A new technology startup is focusing squarely on large enterprises and says that its product is a technological leap forward in the fight against unsolicited commercial ("spam") e-mail.
On Monday, Proofpoint Inc. of Cupertino, California, announced its first product: Proofpoint Protection Server, an enterprise-class antispam gateway that company executives say uses a new generation of spam-spotting technology that is more accurate at spotting the unwanted mail traffic.
Featuring separate modules for spam detection, content compliance and virus scanning, the Protection Server sits at the entrance to a corporate network and analyzes all e-mail message traffic, according to Proofpoint.
The integration of antispam, antivirus and content analysis anticipates a future in which companies will need to open and inspect every piece of correspondence that crosses their network for a variety of traits, according to Eric Hahn, Proofpoint's founder and chairman and a former CTO at Netscape.
"Spam is just the top of a bigger iceberg that includes spam, content compliance, regulatory compliance, e-mail archiving, records matching and so on," Hahn said.
Like other antispam products, Proofpoint's spam detection module uses a mixture of proven antispam techniques such as blacklists, whitelists and heuristic pattern matching to spot spam e-mail, the company said.
Unlike other products, however, the Proofpositive antispam module features a specialized antispam engine, the "Proofpoint Proofpositive Engine," that applies advanced statistical machine-learning methods to incoming e-mail messages.
In addition to Bayesian analysis, which has long been recognized as useful for spotting spam, the Proofpositive engine throws lesser known tools such as logistical regression and support vector machines to weed out spam e-mail.
More commonly seen in labs that do complicated analyses such as gene and protein matching, these techniques enable Proofpoint to evaluate incoming messages based on groups of spam "rules," recognizing and learning from patterns in those rule groupings.
That is an advantage compared with other antispam products that just use Bayesian analysis, which typically analyzes antispam rules individually, Hahn said.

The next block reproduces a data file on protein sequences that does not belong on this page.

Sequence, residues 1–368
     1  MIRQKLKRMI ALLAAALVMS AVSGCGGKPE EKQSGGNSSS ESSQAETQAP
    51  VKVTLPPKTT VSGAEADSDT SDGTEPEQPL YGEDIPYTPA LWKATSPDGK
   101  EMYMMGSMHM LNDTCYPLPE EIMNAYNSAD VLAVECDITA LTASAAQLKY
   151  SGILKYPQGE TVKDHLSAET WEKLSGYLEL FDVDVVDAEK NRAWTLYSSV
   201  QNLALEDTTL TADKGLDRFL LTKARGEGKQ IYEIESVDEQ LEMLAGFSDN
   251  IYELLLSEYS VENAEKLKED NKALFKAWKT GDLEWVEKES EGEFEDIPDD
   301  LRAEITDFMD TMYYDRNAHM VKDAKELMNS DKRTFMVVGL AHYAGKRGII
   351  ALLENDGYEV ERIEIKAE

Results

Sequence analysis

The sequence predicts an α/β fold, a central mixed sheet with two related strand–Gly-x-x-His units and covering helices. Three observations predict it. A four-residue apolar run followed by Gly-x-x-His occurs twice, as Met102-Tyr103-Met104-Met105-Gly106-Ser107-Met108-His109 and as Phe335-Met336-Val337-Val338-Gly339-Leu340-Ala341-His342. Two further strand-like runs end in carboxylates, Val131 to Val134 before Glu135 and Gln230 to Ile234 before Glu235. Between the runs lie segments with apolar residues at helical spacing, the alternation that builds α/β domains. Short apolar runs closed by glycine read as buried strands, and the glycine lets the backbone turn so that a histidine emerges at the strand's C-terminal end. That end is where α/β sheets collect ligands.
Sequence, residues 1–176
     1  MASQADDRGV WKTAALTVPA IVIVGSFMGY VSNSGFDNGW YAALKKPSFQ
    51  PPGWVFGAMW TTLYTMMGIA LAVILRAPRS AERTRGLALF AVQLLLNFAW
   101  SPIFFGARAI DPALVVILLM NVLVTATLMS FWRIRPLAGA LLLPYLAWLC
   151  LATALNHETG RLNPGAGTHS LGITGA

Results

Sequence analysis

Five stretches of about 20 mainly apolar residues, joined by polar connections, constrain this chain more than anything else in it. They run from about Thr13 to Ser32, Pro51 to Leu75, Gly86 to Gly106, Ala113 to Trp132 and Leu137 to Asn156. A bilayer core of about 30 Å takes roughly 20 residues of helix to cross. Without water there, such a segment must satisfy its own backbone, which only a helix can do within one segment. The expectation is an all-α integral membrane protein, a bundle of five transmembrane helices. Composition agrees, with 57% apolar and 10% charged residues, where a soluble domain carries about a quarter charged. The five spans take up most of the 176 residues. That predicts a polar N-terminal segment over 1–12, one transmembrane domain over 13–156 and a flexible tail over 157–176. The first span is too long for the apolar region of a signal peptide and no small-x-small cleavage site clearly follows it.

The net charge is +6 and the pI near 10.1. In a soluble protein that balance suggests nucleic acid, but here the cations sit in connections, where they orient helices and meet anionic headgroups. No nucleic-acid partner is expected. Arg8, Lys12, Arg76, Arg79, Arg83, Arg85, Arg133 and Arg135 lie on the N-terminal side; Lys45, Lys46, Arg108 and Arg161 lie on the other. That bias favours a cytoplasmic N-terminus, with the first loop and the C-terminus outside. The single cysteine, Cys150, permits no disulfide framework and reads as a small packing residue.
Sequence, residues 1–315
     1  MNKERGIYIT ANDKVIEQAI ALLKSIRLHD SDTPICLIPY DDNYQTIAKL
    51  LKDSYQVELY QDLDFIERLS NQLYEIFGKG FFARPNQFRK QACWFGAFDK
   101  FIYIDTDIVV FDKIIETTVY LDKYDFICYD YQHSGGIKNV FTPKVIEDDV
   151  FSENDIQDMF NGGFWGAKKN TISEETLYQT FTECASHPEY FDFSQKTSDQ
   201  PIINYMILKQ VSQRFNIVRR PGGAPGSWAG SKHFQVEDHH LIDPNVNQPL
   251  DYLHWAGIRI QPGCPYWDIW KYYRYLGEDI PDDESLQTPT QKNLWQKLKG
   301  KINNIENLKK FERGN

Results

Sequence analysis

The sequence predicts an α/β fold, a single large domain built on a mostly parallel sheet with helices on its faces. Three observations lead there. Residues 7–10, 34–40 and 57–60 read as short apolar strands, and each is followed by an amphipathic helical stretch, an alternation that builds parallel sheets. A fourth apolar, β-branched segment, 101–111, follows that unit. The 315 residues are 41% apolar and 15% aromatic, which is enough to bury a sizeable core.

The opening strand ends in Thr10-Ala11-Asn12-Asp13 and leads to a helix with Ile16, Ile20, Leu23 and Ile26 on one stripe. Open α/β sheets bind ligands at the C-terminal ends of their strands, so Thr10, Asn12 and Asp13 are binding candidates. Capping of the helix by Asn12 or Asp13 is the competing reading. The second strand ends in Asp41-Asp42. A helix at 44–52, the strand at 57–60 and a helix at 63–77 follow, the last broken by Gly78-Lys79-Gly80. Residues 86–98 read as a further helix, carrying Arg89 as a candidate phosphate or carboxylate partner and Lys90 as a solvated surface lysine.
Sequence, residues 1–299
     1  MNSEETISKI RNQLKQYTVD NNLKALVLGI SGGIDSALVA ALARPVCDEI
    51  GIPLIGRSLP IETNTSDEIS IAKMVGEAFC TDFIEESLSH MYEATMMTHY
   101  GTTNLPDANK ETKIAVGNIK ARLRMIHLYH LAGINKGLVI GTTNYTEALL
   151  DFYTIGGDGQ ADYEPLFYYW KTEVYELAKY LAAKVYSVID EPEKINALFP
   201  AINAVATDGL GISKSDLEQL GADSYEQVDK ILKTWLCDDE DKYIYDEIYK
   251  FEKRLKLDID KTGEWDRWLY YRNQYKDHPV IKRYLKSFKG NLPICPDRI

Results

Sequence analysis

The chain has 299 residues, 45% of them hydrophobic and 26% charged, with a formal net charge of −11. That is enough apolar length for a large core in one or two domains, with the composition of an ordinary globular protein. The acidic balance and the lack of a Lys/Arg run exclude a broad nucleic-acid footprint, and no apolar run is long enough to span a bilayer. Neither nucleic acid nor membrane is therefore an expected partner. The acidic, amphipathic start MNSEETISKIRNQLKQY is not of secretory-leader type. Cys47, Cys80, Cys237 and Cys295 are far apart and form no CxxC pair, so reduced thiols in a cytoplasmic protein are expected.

In doing so, such products often miss relationships that may exist, for example, between a rule to flag messages containing the words "Buy Now!" and one to flag messages containing the word "Viagra," he said.
That translates into more legitimate e-mail messages being identified as spam, Hahn said.
Using the separate content compliance module, customers can also define content rules based on regulatory regimes such as HIPAA (the Health Insurance Privacy and Accountability Act of 1996), the Sarbanes-Oxley Act, or corporate policies regarding obscene language.
The Proofpositive Engine then monitors e-mail, flagging messages that violate a policy for review.
Proofpoint's antivirus module will use engines supplied by partners Sophos PLC and Network Associates Inc., Proofpoint said.
Antivirus scanning is conducted in parallel with antispam and content scanning, the company said.
Designed for enterprises with between 10,000 and 100,000 users, Proofpoint runs on Linux or Sun Microsystems Inc. Solaris operating systems and uses the open source sendmail product as its MTA (message transfer agent), according to Hahn.
The product's seat at the corporate gateway suits Proofpoint for deployment in heterogenous messaging environments, the company said.
The new company is right to focus on large enterprises and may find a willing market for its content compliance features, but challenges await any company that wants to stand out in the crowded field of antispam companies, according to Laura Koetzle, senior research analyst at Forrester Group Inc.
Proofpoint's use of statistical machine-learning methods may be an improvement over those being used in competing products, she said. However, even first generation antispam technology has improved, and the differences between the two might not be enough to woo away companies that have already made their investment, Koetzle said.
While lucrative, large enterprise customers are also slow to make decisions about technology purchases and expensive to court, Koetzle said.
Finally, most enterprise customers that she surveyed seemed happy with their choice of antispam technology, Koetzle said.
Unless Proofpoint's technology is proven to be significantly more accurate, it will be tough to get companies to drop the products they have, she said.